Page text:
The New York Times did its best to begin the Supreme Court debate by mainstreaming Judge Merrick Garland, President Obama’s nominee, as a “brilliant” “centrist” and moderate voice of reason.
Reporters Michael Shear and Gardiner Harris treated the chief judge of the U.S. Court of Appeals for the D.C. Circuit with kid gloves in the paper’s initial reporting Wednesday, with the same kind of pro-Democratic labeling slant the paper has always shown toward Supreme Court nominees. A 2010 Media Research Center report, Supremely Slanted, exposed the Times stark disparity in labeling “conservative” justices nominated by Republicans compared to “liberal” ones nominated by Democrats. While three Republican-nominated justices were labeled “conservative” 105 times, four justices nominated by Democrats were labeled liberal on just 14 occasions.
The centering started in sentence one:
President Obama on Wednesday nominated Merrick B. Garland as the nation’s 113th Supreme Court justice, choosing a centrist appeals court judge for the lifetime appointment and daring Republican senators to refuse consideration of a jurist who is highly regarded throughout Washington.
Mr. Obama introduced Judge Garland to an audience of his family members, activists, and White House staff in the Rose Garden Wednesday morning, describing him as exceptionally qualified to serve on the Supreme Court in the seat vacated by the death of Justice Antonin Scalia, who died in February.
The president said Judge Garland is “widely recognized not only as one of America’s sharpest legal minds, but someone who brings to his work a spirit of decency, modesty, integrity, even-handedness and excellence. These qualities and his long commitment to public service have earned him the respect and admiration from leaders from both sides of the aisle.”
In choosing Judge Garland, a well-known moderate who has drawn bipartisan support over decades, Mr. Obama was essentially daring Republicans to press their election-year confirmation fight over a judge many of them have publicly praised and who would be difficult for them to reject, particularly if a Democrat were to win the November presidential election and they faced the prospect of a more liberal nominee in 2017.
The reporters threw garlands in Garland’s path:
Judge Garland is often described as brilliant and, at 63, is somewhat older for a Supreme Court nominee. He is two years older than Chief Justice John G. Roberts Jr., who has been with the court for more than 10 years. The two served together on the appeals court and are said to be friends.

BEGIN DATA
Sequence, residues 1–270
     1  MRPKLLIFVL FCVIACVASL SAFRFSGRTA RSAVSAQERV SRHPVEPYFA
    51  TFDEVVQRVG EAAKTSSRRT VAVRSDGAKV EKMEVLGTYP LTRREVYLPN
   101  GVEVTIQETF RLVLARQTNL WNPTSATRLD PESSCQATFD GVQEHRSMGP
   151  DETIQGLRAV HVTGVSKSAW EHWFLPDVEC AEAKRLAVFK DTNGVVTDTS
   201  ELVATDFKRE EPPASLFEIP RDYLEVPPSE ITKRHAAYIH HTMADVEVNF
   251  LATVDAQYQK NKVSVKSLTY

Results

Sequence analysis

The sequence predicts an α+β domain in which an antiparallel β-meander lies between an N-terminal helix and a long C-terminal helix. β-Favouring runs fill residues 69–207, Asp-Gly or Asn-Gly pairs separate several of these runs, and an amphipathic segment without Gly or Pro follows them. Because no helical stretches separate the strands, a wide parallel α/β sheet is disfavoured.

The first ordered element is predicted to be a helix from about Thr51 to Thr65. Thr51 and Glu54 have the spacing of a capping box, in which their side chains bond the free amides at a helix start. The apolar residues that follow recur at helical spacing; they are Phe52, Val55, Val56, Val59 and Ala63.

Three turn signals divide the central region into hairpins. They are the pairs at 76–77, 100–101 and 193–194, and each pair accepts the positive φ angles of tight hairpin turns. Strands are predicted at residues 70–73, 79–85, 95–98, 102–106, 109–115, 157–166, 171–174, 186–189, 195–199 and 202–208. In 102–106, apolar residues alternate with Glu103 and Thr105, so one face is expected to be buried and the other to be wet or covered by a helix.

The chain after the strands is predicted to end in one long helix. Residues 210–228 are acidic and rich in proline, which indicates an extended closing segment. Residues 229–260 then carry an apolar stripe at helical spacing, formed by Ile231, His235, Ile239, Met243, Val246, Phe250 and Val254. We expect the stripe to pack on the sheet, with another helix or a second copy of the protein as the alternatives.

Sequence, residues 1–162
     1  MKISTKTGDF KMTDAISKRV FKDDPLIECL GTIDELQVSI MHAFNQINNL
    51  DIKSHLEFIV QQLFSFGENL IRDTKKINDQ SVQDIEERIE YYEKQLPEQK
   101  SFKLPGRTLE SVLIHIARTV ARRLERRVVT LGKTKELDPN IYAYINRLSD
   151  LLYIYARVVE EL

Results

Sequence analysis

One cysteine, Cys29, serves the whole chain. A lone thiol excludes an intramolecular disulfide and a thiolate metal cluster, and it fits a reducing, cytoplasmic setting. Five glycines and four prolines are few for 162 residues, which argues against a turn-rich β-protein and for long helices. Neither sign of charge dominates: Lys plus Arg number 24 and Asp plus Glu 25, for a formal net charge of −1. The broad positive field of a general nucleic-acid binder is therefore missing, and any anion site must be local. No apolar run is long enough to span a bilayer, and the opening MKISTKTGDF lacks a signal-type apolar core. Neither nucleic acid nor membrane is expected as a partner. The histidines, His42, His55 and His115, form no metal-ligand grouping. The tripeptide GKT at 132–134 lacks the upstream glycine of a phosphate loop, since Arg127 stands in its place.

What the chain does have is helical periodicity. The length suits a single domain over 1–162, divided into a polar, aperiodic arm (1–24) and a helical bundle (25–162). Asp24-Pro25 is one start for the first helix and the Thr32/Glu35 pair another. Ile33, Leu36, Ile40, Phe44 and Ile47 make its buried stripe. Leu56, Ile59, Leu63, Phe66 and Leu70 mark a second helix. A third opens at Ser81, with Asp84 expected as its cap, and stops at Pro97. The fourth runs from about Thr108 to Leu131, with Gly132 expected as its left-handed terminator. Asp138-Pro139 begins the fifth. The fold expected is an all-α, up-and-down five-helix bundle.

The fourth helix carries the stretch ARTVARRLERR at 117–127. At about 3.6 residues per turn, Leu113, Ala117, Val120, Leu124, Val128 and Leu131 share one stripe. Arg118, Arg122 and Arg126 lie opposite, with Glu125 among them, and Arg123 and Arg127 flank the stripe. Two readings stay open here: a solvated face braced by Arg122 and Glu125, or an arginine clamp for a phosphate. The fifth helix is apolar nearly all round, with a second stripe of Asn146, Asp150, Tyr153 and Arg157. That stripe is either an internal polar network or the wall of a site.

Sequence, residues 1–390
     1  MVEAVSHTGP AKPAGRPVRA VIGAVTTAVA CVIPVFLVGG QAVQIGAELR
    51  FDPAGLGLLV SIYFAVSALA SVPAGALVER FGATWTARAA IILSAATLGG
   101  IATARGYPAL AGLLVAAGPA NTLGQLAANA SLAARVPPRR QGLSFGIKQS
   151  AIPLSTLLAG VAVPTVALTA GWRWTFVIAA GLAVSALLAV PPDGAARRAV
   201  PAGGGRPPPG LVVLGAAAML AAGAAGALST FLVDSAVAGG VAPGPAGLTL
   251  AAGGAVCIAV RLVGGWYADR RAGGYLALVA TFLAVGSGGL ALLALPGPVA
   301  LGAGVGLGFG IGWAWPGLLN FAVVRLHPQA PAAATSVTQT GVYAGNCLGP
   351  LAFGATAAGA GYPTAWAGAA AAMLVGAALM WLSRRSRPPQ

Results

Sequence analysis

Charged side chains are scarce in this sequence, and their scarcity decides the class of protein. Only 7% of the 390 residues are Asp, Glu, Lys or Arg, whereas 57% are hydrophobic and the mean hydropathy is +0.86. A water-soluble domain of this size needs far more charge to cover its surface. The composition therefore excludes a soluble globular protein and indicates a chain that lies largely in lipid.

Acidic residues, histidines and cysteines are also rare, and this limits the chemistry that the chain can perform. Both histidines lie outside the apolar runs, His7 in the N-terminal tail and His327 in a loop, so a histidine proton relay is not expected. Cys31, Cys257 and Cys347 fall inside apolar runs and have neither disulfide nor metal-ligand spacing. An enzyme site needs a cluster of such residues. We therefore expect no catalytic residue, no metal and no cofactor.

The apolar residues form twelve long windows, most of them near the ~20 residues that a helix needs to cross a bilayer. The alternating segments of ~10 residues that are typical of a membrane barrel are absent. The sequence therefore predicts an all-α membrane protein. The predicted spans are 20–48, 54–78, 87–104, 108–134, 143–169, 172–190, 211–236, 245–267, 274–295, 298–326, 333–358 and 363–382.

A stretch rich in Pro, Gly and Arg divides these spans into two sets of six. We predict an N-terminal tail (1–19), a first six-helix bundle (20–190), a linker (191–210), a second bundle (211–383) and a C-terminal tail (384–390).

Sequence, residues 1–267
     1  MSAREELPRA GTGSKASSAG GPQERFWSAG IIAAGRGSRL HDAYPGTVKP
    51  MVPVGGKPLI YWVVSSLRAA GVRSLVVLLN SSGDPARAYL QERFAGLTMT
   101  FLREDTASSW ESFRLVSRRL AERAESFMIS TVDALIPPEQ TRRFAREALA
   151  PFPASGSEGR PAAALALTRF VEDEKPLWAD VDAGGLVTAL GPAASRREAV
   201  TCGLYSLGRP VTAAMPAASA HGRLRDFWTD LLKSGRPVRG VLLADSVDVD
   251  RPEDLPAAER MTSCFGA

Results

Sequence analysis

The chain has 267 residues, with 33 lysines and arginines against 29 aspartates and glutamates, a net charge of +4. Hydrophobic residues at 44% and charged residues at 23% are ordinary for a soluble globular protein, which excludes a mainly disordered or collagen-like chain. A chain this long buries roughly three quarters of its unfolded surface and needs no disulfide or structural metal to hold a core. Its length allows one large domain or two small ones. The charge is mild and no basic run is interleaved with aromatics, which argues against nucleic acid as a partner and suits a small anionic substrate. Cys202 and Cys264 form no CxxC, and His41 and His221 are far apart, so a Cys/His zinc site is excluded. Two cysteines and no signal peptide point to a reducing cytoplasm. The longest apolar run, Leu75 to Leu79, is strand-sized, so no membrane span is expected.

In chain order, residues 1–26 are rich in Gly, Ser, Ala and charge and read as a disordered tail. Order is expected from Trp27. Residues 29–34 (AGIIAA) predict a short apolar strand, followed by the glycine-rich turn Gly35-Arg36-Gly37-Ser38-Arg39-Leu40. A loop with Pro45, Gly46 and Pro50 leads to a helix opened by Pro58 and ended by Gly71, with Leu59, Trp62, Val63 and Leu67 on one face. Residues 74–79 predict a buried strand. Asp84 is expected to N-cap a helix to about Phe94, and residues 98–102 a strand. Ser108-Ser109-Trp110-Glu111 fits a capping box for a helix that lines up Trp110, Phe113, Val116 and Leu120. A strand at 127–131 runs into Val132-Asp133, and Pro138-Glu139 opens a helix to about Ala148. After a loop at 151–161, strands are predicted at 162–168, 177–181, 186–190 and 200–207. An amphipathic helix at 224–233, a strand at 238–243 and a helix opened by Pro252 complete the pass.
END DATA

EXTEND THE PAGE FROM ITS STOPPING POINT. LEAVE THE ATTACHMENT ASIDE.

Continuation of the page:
Mr. Obama’s choice of Judge Garland has the potential to reshape the balance of power on the court for two decades, providing another reliable vote for the court’s four-member liberal block. After the death last month of Mr. Scalia, the court is evenly divided and a new justice appointed by Mr. Obama could become the deciding vote on cases involving immigration, civil liberties, abortion, race, voting rights and the death penalty.
The Times couldn’t locate any liberals, but found plenty of conservatives pitted against the Obama nominee.
During most of the last decade, the court has been deeply and bitterly divided. But conservatives on the bench have usually emerged victorious from that discord. Under the direction of Chief Justice John Roberts, the court has bolstered gun and property rights while striking down voter protections and weakening campaign finance laws. It has tended to side with business interests over those of labor. And while the court legalized gay marriage last year, it has also ruled in ways that could eventually restrict college admissions based on race.
For conservatives, the fight over Mr. Obama’s nominee is perhaps the most critical moment in their almost decade-long crusade to defend their ideological influence. From the day Mr. Obama was inaugurated in 2009, conservatives vowed to keep him from changing Washington, as he had pledged during his campaign. Preventing another Obama justice on the Supreme Court is vital to that mission.
The paper’s actual Supreme Court reporter Adam Liptak somewhat disagreed in a clip that accompanied the story, calling Merrick a “relative moderate appointment” while also admitting that “he would be the 5th member of a liberal block on the Court.”
Carrie Servino at National Review looked at a vital 2nd Amendment case and found Merrick not so “moderate.”
Also, a 1984 story in the New York Times cites a lawyer with the same unusual appellation as working for the liberal Mondale-Ferraro campaign that lost 49 states to Ronald Reagan’s re-election campaign.